Student retention can be a challenge at community colleges, just as it often is at four-year colleges and universities with high acceptance rates. We’ll now have to work together to make sure students have the tools to be successful in their community college experience and in their transition to a four-year institution.
Making sure college remains affordable is vital, but so are keeping a deliberative focus on a students’ overall well-being and expanding the narrative that earning a college degree is essential for socioeconomic mobility.
Students who felt emotionally supported during their studies and participated in authentic experiential learning experiences — who had opportunities to apply what they learned in the classroom — were two times more likely to be engaged and thriving in their work (and enjoy a higher level of well-being) many years later, research has shown.
Such transformative educational experiences help build a sense of belonging, agency and purpose, and are essential to meeting the challenges of recruiting and retaining students. That’s why, at the University of Maine, we recently began offering Research Learning Experiences to all first-year students. In this program, students pursue research-based learning during a bridge week prior to entering their first semester.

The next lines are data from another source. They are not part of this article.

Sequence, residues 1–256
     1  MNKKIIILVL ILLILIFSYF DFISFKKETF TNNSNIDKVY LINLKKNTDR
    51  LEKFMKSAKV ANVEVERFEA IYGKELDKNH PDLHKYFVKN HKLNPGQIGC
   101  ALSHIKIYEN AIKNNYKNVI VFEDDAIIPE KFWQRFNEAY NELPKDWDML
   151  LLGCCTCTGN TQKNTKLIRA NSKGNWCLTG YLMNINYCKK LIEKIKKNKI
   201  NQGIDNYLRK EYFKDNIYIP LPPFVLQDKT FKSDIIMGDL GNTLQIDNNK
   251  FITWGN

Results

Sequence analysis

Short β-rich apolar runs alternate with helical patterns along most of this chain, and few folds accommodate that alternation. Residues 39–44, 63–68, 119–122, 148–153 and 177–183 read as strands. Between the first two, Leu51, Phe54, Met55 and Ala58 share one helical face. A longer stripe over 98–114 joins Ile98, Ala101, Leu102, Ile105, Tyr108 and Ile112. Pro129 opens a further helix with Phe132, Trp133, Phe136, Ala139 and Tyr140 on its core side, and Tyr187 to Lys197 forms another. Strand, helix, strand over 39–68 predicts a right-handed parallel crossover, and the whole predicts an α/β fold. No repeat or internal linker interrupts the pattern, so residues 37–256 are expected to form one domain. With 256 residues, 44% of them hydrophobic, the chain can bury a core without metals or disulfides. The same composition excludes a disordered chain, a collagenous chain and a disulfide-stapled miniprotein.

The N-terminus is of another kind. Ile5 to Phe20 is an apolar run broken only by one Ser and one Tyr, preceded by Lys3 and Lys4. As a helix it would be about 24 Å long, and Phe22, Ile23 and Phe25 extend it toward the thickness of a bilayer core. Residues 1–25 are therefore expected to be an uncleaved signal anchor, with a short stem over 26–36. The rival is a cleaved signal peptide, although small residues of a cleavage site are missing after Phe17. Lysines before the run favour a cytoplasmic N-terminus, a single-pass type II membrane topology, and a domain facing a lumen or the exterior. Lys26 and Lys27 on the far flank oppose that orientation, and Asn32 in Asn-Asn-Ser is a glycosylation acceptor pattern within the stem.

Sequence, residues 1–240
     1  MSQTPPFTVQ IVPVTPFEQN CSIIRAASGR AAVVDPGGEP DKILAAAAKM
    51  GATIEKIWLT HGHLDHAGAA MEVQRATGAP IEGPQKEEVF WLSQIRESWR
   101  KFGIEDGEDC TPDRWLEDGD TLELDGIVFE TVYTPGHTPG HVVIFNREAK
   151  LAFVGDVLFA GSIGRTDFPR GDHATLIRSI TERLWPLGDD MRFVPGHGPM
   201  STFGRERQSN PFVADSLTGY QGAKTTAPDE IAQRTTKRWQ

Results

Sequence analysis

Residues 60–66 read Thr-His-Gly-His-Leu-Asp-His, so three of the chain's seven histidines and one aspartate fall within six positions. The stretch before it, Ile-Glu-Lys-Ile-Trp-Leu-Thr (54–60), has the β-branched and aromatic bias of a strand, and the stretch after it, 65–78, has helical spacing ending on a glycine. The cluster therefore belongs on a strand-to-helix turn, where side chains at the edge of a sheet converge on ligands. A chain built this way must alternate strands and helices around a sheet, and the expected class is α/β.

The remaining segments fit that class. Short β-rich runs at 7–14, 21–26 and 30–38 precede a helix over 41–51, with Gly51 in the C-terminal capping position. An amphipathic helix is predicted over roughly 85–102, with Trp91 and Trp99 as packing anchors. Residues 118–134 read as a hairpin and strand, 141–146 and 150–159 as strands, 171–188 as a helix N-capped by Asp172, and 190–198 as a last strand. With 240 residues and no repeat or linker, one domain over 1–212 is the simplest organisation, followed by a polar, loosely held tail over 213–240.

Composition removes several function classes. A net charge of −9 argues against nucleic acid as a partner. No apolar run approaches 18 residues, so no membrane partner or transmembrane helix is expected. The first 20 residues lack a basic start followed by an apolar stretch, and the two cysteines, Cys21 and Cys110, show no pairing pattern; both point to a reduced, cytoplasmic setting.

For many students, this is their first encounter with research, and having the experience in a group helps foster a sense of community and belonging. Immediately afterward, they take a research-learning course meant to foster strong mentor relationships with faculty.